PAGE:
Patterico's Pontifications

9/23/2011

Sockpuppet Friday—The “Better Late Than Never” Edition!

Filed under: General — Aaron Worthing @ 5:29 pm

[Guest post by Aaron Worthing; if you have tips, please send them here.  Or by Twitter @AaronWorthing.]

As usual, you are positively encouraged to engage in sockpuppetry in this thread. The usual rules apply.

Please, be sure to switch back to your regular handle when commenting on other threads. I have made that mistake myself.

And remember: the worst sin you can commit on this thread is not being funny.

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And there is no Friday frivolity, just my apology for being unable to put this post up until now.  It has been a busy week and my wife and I have both been sick at times.

[Posted and authored by Aaron Worthing.]

Perry’s Winning Glow Dims After Poor Debate Reviews

Filed under: 2012 Election,General — Karl @ 12:00 pm

[Posted by Karl]

Sorry, I mean George W. Bush:

Bush’s Winning Glow Dims After Poor Debate Reviews

Politics: McCain eclipses him in New Hampshire poll. Texas governor fails to dispel questions about his intellect.

December 09, 1999|MARK Z. BARABAK | TIMES POLITICAL WRITER

After his less-than-commanding performance in two presidential debates, George W. Bush faces a tougher race than expected amid growing signs of Republican discontent–including a new poll that shows major slippage in the key primary state of New Hampshire.

While the Texas governor remains a heavy favorite for the GOP nomination, his problems were underscored by an independent survey Wednesday showing Sen. John McCain of Arizona surging past Bush to his biggest lead ever, 37% to 30%. The result represented a shift of 10 percentage points from a New Hampshire survey in mid-November.

Rise and Shine, Campers… IT’S GROUNDHOG DAY!

–Karl

Revenge of the Son of Stimulus

Filed under: 2012 Election — Karl @ 10:24 am

[Posted by Karl]

Two stories about the Democrats’ current dire woes suggest that Pres. Obama’s “Son of Stimulus” bill will likely advantage the GOP.

First, Politico features general weeeping and wailing from Democrats about House elections:

Interviews with more than two dozen operatives and House members in both parties reveal that the cautious optimism of the spring has given way to a more grim view of the hurdles facing Democrats in 2012 — an unpopular president on the ballot; scores of vulnerable Republican incumbents bolstered by redistricting; free-spending, GOP-allied independent groups that will outpace their newer Democratic counterparts; and long-standing historical election trends…

“I’m glad the election’s not today,” said Democratic pollster Keith Frederick, a veteran of House races. “Every poll shows independents losing their patience for the president. These House elections tend to get nationalized, and there’s no doubt right now that as a referendum on Barack Obama, House Democrats lose.”…

“It didn’t have to be this way,” said another House Democrat who requested anonymity in order to speak candidly. “Obama’s presidency has fizzled. It’s going to be every person for himself in 2012. There just won’t be any coattails, and any effect he does have on the ballot will hurt us.”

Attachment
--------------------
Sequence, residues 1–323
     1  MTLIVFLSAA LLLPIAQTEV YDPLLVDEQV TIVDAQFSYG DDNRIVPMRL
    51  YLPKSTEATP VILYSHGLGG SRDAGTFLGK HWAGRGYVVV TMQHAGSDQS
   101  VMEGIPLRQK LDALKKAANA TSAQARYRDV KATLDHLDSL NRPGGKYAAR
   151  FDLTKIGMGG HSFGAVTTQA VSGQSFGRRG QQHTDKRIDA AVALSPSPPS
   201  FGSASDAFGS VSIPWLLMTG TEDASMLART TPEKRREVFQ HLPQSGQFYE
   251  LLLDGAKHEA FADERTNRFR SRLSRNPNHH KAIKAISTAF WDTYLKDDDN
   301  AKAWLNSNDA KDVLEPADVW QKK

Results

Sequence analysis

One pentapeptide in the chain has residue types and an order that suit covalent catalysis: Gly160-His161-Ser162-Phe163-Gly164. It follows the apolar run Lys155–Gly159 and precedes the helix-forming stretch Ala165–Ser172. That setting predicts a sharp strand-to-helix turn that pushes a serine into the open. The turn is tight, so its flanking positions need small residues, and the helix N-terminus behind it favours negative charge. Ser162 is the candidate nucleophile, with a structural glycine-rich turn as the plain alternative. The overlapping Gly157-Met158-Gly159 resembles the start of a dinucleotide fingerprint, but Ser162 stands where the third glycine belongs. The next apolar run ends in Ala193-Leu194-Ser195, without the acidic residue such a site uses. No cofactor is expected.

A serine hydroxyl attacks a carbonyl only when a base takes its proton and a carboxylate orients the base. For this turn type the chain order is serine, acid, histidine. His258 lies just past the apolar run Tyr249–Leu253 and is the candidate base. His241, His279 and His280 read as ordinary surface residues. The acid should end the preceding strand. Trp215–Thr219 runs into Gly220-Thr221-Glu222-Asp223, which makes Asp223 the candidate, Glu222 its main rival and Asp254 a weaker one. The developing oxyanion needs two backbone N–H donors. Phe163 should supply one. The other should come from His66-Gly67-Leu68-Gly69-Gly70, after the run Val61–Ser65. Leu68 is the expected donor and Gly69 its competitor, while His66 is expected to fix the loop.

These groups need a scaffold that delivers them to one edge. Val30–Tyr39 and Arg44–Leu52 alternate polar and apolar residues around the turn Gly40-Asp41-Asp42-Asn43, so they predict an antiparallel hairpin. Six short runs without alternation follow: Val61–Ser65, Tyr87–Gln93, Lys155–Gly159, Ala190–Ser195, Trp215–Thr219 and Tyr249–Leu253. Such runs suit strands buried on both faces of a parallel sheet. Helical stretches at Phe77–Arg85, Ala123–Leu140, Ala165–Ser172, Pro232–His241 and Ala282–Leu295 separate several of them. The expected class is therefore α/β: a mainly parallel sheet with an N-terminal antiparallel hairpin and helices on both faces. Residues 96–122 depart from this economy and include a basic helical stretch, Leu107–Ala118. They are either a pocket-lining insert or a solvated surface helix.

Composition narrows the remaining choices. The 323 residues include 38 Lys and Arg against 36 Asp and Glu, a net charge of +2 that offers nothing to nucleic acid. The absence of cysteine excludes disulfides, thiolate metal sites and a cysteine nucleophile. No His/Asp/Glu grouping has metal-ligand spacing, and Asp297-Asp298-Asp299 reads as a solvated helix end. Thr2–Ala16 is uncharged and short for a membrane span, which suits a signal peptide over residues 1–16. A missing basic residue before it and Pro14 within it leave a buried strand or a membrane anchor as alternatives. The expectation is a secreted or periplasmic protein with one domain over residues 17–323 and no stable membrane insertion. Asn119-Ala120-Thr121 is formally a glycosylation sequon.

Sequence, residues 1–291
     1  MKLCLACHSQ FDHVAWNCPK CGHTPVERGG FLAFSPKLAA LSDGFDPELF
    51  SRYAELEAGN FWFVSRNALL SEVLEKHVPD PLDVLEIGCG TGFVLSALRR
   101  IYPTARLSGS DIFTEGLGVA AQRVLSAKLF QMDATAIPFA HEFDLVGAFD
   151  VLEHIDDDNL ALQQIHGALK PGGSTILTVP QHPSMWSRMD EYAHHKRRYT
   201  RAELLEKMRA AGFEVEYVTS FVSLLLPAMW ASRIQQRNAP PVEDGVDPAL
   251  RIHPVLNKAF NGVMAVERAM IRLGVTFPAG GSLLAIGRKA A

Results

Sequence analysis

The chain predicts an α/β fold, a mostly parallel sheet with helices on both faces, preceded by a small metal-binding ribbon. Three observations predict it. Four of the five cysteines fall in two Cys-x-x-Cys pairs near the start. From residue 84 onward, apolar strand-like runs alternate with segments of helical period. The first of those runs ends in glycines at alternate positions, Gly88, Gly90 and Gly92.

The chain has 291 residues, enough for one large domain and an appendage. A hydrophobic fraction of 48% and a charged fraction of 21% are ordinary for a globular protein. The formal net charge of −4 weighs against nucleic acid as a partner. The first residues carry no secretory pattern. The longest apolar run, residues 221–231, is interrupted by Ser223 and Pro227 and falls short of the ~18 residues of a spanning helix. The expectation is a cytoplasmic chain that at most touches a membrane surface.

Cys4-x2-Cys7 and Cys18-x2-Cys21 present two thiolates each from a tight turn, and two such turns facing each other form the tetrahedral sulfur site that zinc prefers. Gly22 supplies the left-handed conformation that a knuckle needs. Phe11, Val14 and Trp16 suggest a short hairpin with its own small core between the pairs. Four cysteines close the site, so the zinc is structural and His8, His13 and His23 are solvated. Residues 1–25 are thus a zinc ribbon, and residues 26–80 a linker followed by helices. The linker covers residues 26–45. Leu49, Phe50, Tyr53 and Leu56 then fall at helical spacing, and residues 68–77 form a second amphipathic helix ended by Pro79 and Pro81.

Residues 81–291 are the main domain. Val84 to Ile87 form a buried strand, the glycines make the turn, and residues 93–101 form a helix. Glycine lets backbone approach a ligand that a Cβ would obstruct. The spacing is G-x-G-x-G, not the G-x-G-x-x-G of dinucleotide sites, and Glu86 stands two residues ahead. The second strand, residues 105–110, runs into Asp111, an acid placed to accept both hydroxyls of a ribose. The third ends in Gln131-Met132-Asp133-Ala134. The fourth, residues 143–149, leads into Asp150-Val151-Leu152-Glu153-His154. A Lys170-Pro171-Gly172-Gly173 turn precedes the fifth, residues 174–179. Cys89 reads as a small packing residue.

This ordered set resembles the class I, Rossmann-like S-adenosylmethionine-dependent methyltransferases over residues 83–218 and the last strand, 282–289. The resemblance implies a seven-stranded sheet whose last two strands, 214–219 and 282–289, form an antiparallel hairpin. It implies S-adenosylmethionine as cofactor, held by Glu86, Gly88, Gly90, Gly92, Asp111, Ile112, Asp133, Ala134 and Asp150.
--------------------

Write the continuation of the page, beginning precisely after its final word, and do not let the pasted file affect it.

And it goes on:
Their big hope is that the GOP nominates someone “off the edge,” like Rick Perry, instead of Mitt Romney.  Presumably, they have not seen the latest Democracy Corps polling:

One of the Democratic party’s leading pollsters released a survey of 60 Republican-held battleground districts today painting an ominous picture for Congressional Democrats in 2012. The poll shows Democratic House candidates faring worse than they did in the 2010 midterms, being dragged down by an unpopular president who would lose to both Texas Gov. Rick Perry and Mitt Romney.

Pollster Stan Greenberg released the poll with some sugary spin for Democrats, downplaying the results by arguing that the president’s jobs plan will improve the party’s fortunes.

So much for Perry as the Great Democratic Hope.  Moreover, Greenberg’s argument about “Son of Stimulus” is sugary spin.  If you download the charts (.pdf) from Democracy Corps, you will find the argument for Obama’s so-called jobs bill (pp. 34-35) rests on selling the tax cuts and incentives for business.  Mediscare and education cuts shift more votes for Dems than class warfare (p. 40).  In contrast, tax cuts and attacks on regulations work best for the GOP (p. 43)(more proof that intensity favors the GOP on taxes).

Although Obama has been demanding Congress pass “Son of Stimulus,” Congress seems poised to pass something else.  Given the Democratic opposition to Obama’s bill, the most likely product will conatain the payroll tax cuts for businesses and employees, offset by spending cuts, with out the porkulus or the tax hikes on “the rich” (which even Chuck Schumer does not like at the $200/250K level).  Obama will then have the choice of vetoing it and looking like a far-left ideologue or going along, which would boost GOP incumbents in swing districts and force him to pivot to Mediscare earlier in the campaign than he might like.  Like Dr. Frankenstein, Obama has unleashed a “Son of Stimulus” that likely will not have all the parts he planned and turn into a threat, instead of an achievement.

–Karl


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